Because findings are presented as a numerical score – much like a credit score – they allow you to convey security risks in straightforward business terms. This no-nonsense approach helps non-technical stakeholders understand your organization’s cybersecurity readiness and shows you are taking the right actions to reduce risk.

2. Quantify cyber risk in financial terms

Another way to cut through the technical jargon and resonate with executives is to analyze and quantify cyber risk in terms of its financial impact.

With Bitsight Financial Quantification, you can simulate your organization’s financial exposure across hundreds of thousands of cyber events, including ransomware, denial of service, regulatory compliance issues, supply chain attacks, and more.

By transforming the technical side of cybersecurity into financial language, you can guide leadership discussions around cyber risk management, prioritize cybersecurity decisions, and justify new technology investments. By drilling down and diagnosing the underlying causes that impact financial exposure, it’s easier than ever to demonstrate how that exposure changes as you invest in controls to improve your organization’s security posture.  

Furthermore, unlike traditional financial quantification methods that rely on consulting engagements or long data collection processes, Bitsight empowers you to assess cyber risk as it evolves. Financial Quantification is available on-demand, easily repeatable, and can be run without adding headcount.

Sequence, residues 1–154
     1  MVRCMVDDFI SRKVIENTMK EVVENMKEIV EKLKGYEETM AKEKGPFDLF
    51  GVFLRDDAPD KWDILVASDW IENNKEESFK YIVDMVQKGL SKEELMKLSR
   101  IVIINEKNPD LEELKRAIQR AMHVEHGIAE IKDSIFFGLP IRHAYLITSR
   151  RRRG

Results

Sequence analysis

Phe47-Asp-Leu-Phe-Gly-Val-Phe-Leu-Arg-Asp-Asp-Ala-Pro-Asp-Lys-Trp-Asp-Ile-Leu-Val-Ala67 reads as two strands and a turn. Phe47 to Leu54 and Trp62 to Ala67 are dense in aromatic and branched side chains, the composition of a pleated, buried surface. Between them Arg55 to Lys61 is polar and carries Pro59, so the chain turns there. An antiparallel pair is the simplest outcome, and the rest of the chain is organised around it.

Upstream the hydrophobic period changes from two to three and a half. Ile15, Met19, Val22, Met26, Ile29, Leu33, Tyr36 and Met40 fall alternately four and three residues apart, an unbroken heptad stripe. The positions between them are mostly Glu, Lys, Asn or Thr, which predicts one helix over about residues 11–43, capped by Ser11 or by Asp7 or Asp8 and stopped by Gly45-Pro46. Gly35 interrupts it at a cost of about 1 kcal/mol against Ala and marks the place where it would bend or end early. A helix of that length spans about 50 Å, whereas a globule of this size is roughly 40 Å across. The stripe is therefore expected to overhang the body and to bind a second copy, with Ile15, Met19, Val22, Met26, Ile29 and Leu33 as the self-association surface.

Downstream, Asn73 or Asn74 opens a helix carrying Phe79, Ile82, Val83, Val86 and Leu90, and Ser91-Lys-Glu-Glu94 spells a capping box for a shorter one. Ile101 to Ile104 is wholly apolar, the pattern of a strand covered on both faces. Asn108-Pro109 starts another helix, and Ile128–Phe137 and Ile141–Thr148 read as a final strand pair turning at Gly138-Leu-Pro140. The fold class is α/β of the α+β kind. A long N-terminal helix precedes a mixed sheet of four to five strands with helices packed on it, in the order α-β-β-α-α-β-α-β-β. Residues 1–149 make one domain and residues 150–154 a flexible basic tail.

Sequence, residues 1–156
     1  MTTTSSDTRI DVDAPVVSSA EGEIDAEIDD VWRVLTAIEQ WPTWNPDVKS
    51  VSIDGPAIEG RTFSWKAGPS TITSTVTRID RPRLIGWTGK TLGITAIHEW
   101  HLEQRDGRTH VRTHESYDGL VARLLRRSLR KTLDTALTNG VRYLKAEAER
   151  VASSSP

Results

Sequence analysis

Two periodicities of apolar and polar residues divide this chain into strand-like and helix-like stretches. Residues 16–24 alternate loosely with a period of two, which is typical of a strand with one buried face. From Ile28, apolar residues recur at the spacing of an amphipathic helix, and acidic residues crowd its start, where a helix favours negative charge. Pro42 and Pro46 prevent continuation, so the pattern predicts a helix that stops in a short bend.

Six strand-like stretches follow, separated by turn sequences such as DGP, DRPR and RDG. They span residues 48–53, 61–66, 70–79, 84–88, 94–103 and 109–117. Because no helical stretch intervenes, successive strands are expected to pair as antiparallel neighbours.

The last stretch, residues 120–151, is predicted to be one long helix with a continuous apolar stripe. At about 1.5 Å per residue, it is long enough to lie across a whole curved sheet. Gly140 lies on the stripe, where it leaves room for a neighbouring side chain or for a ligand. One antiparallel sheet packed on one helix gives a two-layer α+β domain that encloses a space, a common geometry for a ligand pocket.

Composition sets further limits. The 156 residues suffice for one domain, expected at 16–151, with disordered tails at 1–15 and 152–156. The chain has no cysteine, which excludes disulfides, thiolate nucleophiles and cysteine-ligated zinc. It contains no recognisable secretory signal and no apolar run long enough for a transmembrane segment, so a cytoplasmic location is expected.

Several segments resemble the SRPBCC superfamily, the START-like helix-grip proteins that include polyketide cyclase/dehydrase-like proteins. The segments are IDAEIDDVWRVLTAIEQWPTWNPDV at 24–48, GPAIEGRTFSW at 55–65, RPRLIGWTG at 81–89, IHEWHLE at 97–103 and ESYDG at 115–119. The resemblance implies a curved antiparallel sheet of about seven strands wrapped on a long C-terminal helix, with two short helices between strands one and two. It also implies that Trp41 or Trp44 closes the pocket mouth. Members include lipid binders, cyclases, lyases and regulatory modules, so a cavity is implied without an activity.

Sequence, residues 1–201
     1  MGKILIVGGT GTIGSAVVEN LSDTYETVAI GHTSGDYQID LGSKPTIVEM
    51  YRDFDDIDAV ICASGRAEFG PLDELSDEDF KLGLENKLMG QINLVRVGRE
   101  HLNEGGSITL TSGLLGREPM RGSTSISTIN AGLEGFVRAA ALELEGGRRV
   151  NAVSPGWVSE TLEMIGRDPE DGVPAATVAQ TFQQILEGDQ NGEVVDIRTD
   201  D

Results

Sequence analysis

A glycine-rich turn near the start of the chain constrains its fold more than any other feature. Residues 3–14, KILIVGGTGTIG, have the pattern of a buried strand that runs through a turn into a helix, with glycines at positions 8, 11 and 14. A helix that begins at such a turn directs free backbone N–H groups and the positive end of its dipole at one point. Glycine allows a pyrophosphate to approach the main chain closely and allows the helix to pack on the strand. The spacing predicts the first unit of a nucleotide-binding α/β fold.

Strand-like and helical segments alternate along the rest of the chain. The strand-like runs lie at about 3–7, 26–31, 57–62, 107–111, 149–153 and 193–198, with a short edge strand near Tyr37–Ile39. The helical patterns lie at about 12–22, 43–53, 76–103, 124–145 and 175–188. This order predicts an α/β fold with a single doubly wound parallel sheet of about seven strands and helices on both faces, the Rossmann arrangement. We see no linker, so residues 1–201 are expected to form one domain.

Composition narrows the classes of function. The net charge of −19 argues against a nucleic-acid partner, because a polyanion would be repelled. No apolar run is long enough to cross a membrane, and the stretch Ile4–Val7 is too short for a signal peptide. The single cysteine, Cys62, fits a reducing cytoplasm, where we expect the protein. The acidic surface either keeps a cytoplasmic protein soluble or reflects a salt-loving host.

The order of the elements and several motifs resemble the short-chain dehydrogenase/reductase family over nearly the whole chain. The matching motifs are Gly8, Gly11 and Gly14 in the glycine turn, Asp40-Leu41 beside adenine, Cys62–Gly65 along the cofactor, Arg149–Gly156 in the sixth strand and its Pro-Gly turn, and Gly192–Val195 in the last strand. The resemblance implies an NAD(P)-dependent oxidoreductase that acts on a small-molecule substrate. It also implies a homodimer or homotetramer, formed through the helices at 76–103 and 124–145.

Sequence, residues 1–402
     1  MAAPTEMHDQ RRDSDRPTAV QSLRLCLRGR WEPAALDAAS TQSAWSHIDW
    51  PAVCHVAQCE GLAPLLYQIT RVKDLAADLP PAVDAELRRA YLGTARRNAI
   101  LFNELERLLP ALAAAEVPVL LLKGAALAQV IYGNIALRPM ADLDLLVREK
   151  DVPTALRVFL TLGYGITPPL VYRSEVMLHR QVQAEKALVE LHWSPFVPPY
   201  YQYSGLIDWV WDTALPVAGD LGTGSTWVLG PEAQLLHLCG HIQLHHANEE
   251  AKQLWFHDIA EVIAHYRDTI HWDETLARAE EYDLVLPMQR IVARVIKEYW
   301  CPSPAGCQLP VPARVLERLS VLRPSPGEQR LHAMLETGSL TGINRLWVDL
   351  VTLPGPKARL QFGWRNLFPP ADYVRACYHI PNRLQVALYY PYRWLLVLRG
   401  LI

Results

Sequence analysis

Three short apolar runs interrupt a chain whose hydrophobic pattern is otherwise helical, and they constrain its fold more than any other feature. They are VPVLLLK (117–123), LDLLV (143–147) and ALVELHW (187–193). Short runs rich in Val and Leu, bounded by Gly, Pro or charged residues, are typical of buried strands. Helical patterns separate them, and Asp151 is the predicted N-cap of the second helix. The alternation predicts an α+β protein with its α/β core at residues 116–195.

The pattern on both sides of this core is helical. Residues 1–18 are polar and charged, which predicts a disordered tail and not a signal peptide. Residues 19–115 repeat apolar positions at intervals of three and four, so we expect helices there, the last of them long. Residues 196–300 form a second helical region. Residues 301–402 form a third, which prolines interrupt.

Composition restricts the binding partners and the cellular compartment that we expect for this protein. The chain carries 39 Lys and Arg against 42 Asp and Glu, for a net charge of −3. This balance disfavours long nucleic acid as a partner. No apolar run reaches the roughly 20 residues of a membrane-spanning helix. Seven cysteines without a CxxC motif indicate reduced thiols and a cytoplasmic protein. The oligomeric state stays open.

3. Report effectively to executives

Effective communication is key to IT governance because it brings cybersecurity transparency to the decision-making process. The board and C-suite need to know how the company could be affected by its cybersecurity posture.

We already know about the importance of conveying information about cyber risk in business and financial terms, but some data points are more important than others. For instance, board members may not know what it means if you say “the intrusion detection system experienced 500,000 hits in the past quarter.” It’s more effective to say “last quarter we were able to successfully block hundreds of thousands of attempted intrusions, that would have resulted in substantial data loss.” In short, you need to be concise with your explanation and show them how the metric at hand impacts the organization’s digital health. According to a Forrester Consulting report, security ratings are a more appropriate metric than the number of malware incidents or phishing emails your controls have blocked. Why? Because they are risk-focused, objective, and outcome-based.